SEOUL, April 21 (Korea Bizwire) — The Ministry of Education on Wednesday declared a three-week intensive period for checking COVID-19 rules for all schools, universities and private educational facilities nationwide, responding to a recent spike in in-school transmissions of the coronavirus.
The declaration came as the number of COVID-19 infections among students and teachers has recently exceeded 2,000 in one and a half months after the spring semester began in early March.
During the special period, students, teachers and school officials will be asked to thoroughly observe the five basic antivirus rules — mask-wearing and frequent hand-washing; social distancing; taking virus tests swiftly; staying away from closed and crowded places; and eating food quietly in designated places — the ministry said.
All schools will be asked to strengthen supervision over their students’ out-of-school activities and immediately remove anybody with suspected coronavirus symptoms from classes and school work, the ministry said.
It also emphasized the importance of frequent ventilation of classrooms and other common areas, as well as monitoring of outside lecturers.
In Seoul, which accounts for about a third of the nation’s new daily COVID-19 cases ranging recently from 600 to 700, the ministry will preemptively conduct coronavirus tests on students, teachers and school officials, regardless of suspected symptoms, beginning early next month.
For the preemptive polymerase chain reaction (PCR) tests, special three-person teams comprising nurses and medical technologists will visit schools in the capital, the ministry explained.
The PCR tests will also be recommended for dormitory students and employees of private educational facilities, it added. At present, only those with symptoms and those who have come into contact with infected persons are required to take COVID-19 tests.
Despite the planned expansion of PCR tests, however, rapid self-test kits for COVID-19 won’t be introduced to local schools for now due to their unproven accuracy, Minister of Education Yoo Eun-hae said in a news conference.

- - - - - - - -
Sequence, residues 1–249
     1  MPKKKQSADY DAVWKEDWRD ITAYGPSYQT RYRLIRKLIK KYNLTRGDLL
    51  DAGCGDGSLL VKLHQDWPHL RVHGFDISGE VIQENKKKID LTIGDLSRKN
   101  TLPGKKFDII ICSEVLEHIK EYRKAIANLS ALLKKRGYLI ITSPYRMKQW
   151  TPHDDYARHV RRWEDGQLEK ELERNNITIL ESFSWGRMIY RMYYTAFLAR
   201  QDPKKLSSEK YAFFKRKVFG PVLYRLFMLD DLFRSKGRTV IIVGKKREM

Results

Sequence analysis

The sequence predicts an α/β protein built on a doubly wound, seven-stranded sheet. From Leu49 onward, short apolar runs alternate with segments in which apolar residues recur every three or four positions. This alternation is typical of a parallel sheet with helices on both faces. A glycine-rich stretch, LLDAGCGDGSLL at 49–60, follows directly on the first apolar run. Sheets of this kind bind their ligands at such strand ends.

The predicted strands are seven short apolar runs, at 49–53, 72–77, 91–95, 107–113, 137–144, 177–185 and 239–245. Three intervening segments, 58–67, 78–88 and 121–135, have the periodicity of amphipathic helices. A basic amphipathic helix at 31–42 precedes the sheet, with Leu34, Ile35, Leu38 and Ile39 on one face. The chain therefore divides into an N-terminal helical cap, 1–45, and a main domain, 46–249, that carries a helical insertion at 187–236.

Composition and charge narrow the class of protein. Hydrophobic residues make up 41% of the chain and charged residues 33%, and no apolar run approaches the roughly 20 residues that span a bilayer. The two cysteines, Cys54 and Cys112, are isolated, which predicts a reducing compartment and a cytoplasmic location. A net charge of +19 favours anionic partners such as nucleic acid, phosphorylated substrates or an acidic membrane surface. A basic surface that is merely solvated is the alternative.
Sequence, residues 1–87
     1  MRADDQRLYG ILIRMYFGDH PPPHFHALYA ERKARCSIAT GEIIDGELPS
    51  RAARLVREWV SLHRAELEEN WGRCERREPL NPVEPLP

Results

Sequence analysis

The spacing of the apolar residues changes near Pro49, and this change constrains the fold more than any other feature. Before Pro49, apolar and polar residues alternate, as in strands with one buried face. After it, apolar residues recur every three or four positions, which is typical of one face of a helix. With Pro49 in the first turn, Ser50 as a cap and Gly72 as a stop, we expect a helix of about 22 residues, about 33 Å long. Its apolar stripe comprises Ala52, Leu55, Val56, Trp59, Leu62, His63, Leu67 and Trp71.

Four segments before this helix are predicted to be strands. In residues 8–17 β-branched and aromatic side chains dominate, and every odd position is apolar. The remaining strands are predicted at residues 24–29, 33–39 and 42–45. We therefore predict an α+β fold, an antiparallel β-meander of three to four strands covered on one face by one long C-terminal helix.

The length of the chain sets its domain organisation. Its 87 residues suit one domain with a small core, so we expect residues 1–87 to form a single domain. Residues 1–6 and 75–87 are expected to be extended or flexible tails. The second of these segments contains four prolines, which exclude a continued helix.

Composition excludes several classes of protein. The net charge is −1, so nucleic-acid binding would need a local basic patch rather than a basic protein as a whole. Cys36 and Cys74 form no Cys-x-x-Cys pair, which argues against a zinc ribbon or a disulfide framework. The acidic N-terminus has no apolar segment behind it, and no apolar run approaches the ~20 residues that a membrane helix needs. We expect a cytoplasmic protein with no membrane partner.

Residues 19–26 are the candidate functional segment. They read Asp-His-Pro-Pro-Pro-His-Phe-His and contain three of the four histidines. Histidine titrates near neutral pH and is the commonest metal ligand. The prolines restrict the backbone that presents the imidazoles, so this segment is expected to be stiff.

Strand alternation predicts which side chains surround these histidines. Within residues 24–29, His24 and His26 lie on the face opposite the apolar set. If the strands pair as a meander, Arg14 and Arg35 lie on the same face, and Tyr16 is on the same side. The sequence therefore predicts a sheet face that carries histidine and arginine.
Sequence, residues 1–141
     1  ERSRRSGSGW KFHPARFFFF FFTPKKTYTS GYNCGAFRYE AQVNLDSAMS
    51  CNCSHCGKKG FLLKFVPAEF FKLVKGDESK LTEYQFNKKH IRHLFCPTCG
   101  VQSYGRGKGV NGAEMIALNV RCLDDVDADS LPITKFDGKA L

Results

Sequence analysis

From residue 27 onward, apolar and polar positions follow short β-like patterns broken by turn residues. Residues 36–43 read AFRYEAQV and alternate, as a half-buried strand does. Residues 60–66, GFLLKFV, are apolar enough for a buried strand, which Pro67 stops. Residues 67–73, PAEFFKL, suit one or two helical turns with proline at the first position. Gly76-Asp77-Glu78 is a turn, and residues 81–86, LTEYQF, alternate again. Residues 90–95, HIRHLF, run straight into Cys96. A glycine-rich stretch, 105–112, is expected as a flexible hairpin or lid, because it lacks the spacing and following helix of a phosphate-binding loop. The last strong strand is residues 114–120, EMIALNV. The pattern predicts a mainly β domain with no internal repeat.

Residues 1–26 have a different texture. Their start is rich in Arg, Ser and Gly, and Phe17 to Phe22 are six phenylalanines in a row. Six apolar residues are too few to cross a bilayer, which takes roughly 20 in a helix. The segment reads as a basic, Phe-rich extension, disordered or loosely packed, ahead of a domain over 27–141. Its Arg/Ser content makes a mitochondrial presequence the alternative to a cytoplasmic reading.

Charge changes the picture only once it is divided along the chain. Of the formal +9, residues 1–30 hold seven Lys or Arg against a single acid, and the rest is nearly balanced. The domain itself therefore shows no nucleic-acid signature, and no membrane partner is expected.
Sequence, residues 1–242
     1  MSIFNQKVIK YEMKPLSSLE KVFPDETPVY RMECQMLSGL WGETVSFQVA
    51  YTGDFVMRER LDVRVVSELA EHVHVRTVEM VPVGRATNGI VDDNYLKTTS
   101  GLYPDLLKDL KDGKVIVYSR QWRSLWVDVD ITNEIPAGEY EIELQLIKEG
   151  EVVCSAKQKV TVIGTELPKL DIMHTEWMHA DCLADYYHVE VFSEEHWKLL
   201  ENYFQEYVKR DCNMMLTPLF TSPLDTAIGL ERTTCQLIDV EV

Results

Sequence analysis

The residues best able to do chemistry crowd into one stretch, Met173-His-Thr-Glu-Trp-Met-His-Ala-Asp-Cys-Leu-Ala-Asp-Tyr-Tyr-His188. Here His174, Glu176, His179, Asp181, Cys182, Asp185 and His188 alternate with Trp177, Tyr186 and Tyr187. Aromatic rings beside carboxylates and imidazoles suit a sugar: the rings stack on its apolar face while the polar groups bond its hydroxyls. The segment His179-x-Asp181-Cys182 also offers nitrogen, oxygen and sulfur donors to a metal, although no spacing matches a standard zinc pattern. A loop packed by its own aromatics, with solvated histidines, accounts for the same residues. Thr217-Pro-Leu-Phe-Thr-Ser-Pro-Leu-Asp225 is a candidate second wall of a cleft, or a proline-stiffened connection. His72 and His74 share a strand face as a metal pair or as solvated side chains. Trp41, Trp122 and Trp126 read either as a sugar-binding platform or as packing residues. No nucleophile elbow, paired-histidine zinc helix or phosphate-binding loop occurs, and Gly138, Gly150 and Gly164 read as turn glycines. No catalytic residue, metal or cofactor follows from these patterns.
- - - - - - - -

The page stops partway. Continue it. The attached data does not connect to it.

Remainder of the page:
“There is not yet a self-test kit that has been approved by the Ministry of Food and Drug Safety, and several experts still have disagreements on the accuracy and effectiveness of the kits. Thus, (the government) is very careful in introducing those kits to schools,” Yoo said.
Earlier this month, Seoul Mayor Oh Se-hoon proposed that the self-test kits be introduced to schools and commercial places, though his proposal has been met with reluctance from central government officials and health experts, who cite concerns about the kits’ reliability.
In response to the education ministry’s reluctance toward self-test kits, the Seoul Metropolitan Government said it will push to hold consultations with the ministry later after those kits are approved by the drug safety ministry.
“We share some concerns raised by the Ministry of Education and the Office of Education about the accuracy of self-test kits,” Park Yoo-mi, a disease control official at the city government, said.
“The Seoul city government has no intention to use a product that is not approved by the drug safety ministry,” she said, adding there will reportedly be an announcement soon from the ministry on its approval of self-test kits.